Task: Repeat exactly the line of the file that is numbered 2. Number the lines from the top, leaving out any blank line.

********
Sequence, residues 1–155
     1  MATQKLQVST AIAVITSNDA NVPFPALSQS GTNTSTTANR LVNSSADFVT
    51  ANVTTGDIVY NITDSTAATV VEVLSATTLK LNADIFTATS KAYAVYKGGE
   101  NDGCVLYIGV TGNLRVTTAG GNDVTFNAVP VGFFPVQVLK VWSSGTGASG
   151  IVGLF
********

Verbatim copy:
     1  MATQKLQVST AIAVITSNDA NVPFPALSQS GTNTSTTANR LVNSSADFVT